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Don't be afraid of being the way you are

Don't be afraid of being the way as you are.

Don't be afraid of being the way that you are.

Is there any difference among them?

I feel natural with 'being the way you are' and saw the first sentence mostly.

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    Yes - the first is the most natural, the third is possible and the second is not idiomatic English. Commented Jun 20, 2023 at 18:43
  • Kate, what about "Don't be afraid of being the way in which you are." and "Don't be afraid of being the way by which you are."?
    – gomadeng
    Commented Jun 20, 2023 at 19:44
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    @gonderang - those aren't idiomatic either. Don't use them.
    – Billy Kerr
    Commented Jun 20, 2023 at 22:15

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The noun "way" has some peculiar features. As with other nouns, we can modify it with a relative clause:

Don't be afraid of being the way in which you are.

However, in many cases (such as this one) it is unnatural to do so when the relative pronoun (in this case "which") is modified by a preposition (in this case "in"). Instead, we can replace those words with "that":

Don't be afraid of being the way that you are.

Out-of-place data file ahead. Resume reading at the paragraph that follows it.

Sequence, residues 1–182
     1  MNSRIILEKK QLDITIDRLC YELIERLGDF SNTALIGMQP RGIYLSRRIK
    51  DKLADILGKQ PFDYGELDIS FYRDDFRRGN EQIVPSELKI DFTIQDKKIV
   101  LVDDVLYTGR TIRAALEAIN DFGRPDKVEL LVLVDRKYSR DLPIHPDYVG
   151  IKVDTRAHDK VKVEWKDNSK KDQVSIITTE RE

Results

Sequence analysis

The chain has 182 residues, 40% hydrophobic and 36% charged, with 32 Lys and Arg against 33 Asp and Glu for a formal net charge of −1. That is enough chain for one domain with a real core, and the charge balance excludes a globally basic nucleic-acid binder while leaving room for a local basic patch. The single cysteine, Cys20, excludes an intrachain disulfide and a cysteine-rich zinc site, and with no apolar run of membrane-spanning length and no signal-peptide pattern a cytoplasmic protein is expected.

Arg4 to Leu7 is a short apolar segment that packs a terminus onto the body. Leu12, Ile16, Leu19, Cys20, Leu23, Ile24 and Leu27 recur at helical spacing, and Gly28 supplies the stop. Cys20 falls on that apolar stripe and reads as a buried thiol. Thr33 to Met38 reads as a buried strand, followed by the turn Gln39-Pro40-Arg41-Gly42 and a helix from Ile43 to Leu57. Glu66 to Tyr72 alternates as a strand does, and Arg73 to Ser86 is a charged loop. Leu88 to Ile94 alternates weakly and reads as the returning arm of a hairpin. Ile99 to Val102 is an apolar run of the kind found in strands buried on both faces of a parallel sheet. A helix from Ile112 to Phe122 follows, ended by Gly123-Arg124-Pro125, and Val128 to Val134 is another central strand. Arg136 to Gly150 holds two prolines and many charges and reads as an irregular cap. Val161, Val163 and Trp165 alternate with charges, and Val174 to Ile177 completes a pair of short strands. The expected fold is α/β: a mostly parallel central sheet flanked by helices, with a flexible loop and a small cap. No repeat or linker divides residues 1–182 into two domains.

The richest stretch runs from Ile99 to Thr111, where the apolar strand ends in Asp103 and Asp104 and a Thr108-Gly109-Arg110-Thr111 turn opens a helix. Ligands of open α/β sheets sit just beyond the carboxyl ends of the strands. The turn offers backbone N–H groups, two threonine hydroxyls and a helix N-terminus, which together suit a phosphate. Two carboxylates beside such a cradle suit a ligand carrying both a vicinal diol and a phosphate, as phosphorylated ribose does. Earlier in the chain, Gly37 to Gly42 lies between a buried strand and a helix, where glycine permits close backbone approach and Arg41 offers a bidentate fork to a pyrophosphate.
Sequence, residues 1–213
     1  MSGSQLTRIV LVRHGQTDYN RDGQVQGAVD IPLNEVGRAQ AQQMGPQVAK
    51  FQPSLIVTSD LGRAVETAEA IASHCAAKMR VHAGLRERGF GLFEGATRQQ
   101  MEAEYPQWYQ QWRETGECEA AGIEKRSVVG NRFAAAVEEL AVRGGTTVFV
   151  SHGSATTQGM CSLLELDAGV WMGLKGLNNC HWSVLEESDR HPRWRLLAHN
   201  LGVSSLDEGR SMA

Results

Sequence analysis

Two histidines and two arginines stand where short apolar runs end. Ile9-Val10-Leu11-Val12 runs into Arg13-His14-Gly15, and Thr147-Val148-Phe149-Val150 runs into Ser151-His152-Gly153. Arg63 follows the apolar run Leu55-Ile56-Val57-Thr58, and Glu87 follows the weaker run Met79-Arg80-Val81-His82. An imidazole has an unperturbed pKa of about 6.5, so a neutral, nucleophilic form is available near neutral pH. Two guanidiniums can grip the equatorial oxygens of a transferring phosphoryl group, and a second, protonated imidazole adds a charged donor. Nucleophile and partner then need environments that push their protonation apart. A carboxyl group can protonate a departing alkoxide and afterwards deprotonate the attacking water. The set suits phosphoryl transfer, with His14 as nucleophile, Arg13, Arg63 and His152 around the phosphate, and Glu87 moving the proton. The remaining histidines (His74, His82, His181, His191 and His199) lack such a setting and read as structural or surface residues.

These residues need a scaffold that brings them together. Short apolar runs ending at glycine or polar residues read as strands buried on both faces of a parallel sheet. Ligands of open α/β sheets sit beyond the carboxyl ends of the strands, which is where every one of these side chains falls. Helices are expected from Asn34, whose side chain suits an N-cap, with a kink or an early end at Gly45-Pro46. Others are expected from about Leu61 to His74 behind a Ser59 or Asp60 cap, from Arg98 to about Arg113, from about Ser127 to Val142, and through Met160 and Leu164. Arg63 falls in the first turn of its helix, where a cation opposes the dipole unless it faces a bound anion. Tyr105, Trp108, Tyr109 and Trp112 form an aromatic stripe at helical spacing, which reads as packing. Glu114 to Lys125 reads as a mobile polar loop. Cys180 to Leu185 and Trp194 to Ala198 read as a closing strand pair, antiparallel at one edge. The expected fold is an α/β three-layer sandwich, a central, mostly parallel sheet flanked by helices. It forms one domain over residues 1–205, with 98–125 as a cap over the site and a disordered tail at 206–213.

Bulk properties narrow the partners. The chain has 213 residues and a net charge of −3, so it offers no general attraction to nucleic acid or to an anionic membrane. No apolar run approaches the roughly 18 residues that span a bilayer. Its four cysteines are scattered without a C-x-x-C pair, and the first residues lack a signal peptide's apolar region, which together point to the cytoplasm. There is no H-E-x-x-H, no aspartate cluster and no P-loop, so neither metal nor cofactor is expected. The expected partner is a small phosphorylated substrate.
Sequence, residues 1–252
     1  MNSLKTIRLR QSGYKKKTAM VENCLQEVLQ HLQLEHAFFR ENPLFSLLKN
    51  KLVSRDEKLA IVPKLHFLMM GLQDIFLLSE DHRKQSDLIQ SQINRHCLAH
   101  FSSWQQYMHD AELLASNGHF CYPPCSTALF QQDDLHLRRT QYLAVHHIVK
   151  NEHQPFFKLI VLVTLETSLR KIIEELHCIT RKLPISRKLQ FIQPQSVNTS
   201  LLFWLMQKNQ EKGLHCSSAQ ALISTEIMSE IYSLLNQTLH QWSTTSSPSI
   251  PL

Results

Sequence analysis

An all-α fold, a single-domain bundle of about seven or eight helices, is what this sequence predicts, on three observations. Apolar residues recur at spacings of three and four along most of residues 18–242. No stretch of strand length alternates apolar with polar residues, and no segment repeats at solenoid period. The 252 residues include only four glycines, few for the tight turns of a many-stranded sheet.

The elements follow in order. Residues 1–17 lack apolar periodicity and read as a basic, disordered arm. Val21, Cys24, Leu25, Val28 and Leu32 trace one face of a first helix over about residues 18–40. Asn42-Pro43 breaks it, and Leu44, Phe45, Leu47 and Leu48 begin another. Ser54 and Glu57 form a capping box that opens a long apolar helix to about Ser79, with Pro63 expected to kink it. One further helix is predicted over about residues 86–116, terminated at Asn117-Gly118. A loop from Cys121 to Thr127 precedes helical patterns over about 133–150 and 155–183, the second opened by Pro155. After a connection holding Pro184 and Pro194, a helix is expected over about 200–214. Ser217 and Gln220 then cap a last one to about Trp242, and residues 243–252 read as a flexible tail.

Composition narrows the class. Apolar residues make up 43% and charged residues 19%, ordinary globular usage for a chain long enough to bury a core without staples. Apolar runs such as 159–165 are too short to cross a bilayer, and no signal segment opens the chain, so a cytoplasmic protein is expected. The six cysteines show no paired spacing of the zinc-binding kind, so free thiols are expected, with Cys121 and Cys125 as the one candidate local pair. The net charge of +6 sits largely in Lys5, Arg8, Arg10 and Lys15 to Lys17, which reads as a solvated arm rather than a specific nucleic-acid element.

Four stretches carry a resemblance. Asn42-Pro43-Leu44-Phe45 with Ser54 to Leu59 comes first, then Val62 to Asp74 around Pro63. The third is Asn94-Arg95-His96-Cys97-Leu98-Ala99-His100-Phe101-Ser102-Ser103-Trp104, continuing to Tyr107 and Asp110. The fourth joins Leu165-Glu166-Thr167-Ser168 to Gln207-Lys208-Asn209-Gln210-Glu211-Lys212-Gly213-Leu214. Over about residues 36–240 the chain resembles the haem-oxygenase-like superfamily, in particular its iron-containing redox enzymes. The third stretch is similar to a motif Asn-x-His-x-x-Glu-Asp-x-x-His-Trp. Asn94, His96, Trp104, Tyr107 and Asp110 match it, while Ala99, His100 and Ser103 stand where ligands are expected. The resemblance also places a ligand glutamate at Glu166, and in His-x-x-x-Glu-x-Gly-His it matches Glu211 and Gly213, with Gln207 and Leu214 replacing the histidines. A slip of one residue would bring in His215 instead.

Omitting "that" when it introduces a clause is fairly common, and we can do so in this situation, too:

Don't be afraid of being the way you are.

I don't find your second example sentence ("don't be afraid of being the way as you are") to be natural, and I'm not even sure how it could make grammatical sense.

Finally, I'd like to make two points:

  1. This feature occurs frequently with "way", but it can also occur with some other nouns. For example, "this is the first time during which I've been here" would typically be replaced by "this is the first time [[that]] I've been here".

  2. I like to consider ". . . way in which . . ." to be the basic construction and other versions to be derivatives. This isn't the only way [[in which]] to explain this concept, though.

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  • In English class, I learned the only, the first, the very, superlative form of adjective, etc. takes 'that' as a relative pronoun: isn't the only way [[that]]
    – gomadeng
    Commented Jun 21, 2023 at 18:20
  • @gomadeng Yes, but "that" can be used in other situations with "way", as well: "I like the way that you talk", and so forth. Commented Jun 21, 2023 at 19:58
  • Yes. Most English books in my residence says the way or how or the way that or the way in which or the way by which are the same things. In modern English, the way how is regarded as non-grammatical though it was grammatical in old English.
    – gomadeng
    Commented Jun 21, 2023 at 20:04

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